Reckless pranksters who get a thrill out of making false reports of an emergency and getting law enforcement to respond "code three" to a situation that does not exist will have to pay-up under Senate Bill 333 (SB 333).
SB 333,which has been sent to the Governor's office for signature, provides that those convicted of the offense would be responsible for the full cost of the police response. The cost of responding to these types of calls can amount to thousands of dollars, particularly if SWAT officers are called upon.
"The California Statewide Law Enforcement Association (CSLEA) supports SB 333 and is encouraging Governor Jerry Brown to sign this bill into law," said CSLEA President Alan Barcelona. "Any step that discourages this criminal activity that puts public and officer safety at risk, is a good step. These reckless hoaxes divert and tie-up precious emergency response resources starting with 911 call takers and dispatchers all the way up to the SWAT officers who suit up and move their gear into neighborhoods. "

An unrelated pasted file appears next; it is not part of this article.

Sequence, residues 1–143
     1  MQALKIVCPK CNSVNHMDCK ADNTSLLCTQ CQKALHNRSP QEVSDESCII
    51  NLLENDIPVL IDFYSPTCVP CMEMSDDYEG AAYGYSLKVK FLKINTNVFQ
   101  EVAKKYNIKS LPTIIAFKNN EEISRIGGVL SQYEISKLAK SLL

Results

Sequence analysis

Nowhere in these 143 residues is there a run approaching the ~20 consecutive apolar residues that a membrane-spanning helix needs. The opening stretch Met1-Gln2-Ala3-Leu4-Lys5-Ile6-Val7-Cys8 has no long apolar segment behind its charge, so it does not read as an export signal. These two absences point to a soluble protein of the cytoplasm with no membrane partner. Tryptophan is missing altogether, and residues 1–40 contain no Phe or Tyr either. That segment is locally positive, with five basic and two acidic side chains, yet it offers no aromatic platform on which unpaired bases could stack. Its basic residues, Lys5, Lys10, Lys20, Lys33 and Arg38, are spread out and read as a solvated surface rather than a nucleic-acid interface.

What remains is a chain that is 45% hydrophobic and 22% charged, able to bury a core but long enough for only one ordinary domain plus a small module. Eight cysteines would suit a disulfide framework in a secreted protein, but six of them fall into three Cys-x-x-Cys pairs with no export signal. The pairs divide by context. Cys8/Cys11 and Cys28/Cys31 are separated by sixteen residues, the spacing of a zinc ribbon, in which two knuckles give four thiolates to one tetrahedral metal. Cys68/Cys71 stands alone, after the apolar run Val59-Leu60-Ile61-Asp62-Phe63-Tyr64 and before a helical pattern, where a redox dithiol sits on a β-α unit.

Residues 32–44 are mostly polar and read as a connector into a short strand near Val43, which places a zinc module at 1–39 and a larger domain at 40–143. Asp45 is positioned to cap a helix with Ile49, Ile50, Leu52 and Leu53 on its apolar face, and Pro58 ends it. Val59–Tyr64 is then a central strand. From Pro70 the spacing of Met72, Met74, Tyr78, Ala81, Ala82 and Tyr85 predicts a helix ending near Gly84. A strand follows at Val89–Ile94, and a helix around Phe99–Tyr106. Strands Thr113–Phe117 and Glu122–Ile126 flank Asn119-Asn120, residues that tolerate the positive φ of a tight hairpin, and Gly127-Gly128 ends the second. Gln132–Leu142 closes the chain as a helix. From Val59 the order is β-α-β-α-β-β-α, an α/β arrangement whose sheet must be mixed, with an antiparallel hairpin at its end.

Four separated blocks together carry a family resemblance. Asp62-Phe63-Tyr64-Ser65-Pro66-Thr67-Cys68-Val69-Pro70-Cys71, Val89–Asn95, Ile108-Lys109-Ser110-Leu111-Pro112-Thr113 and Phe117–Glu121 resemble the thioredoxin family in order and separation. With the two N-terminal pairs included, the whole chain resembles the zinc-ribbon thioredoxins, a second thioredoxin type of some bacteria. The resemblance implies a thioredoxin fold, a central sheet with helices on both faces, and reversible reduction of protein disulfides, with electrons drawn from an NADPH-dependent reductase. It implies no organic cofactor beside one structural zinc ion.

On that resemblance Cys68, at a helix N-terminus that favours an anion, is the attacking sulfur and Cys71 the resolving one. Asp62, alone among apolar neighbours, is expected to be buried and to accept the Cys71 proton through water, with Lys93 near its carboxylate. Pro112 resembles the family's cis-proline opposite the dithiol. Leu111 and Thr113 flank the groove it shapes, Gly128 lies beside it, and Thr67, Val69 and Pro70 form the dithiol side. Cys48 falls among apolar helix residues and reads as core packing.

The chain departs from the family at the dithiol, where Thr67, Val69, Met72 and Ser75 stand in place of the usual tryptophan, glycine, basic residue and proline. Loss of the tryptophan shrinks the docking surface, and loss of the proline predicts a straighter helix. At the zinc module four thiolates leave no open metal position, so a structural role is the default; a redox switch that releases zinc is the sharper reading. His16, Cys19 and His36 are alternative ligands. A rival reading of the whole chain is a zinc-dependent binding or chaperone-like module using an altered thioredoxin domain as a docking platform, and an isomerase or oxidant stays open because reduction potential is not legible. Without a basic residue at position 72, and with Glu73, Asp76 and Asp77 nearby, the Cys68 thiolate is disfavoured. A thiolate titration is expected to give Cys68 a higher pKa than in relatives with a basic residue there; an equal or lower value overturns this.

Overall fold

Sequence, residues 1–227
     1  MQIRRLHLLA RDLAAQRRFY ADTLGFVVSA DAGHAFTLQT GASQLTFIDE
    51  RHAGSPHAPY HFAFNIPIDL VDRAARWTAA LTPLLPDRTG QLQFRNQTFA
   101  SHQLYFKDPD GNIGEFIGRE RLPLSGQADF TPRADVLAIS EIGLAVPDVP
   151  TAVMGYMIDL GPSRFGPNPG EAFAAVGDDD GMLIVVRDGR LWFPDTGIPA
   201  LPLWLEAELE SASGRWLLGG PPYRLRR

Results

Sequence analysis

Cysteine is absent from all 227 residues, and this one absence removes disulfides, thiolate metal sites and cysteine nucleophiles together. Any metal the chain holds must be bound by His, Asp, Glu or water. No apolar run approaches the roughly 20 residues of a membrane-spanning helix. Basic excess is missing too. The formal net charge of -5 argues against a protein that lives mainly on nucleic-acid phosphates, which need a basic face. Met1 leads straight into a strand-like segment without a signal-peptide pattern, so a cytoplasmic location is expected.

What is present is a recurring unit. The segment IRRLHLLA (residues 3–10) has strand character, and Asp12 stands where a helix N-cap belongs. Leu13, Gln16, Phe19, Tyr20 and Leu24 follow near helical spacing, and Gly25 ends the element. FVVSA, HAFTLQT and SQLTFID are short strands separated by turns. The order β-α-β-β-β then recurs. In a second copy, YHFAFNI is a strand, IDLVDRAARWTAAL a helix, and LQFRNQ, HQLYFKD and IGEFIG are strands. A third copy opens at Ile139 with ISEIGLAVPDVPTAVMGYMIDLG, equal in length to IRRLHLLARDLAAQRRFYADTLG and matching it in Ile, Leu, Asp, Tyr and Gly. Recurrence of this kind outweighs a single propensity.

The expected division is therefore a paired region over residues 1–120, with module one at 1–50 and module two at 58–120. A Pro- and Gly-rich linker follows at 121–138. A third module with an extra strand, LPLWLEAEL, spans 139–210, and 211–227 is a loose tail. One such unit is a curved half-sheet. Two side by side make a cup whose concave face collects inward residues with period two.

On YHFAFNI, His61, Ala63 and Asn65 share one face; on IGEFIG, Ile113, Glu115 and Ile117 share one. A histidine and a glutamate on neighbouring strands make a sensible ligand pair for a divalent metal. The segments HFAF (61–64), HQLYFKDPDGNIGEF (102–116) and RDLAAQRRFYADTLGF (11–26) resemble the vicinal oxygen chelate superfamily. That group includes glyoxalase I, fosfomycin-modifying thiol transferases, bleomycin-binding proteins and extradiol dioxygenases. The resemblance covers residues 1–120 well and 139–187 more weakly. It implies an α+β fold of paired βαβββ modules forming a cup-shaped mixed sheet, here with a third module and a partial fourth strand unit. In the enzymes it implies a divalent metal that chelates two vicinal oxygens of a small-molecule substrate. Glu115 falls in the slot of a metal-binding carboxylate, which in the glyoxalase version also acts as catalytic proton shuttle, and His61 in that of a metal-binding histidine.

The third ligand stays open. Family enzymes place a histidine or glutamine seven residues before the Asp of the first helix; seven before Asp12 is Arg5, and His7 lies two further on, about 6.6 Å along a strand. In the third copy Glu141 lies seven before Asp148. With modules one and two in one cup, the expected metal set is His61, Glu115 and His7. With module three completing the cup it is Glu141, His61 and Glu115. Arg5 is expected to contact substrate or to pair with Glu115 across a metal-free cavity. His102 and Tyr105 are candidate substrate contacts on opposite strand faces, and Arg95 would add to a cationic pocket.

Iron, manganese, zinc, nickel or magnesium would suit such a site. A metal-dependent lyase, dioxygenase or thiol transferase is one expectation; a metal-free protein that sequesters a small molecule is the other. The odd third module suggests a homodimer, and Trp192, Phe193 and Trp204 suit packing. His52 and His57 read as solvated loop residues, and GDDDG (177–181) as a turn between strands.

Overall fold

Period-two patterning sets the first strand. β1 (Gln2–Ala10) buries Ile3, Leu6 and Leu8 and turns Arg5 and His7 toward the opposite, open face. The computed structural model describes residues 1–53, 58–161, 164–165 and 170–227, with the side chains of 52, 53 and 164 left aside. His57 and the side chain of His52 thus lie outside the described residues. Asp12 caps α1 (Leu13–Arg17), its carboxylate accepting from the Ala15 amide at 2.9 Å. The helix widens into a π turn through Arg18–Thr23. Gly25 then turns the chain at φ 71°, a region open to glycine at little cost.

It is not only a drain on emergency response resources, "swatting" is dangerous for the officers who respond and the homeowners who are suddenly surprised by officers rushing in with guns drawn. Celebrities in Los Angeles County are often the victims of "swatting." Miley Cyrus, Khloe Kardashian, Justin Timberlake, Rihanna, Tom Cruise, Ashton Kutcher have all been victims of swatting incidents.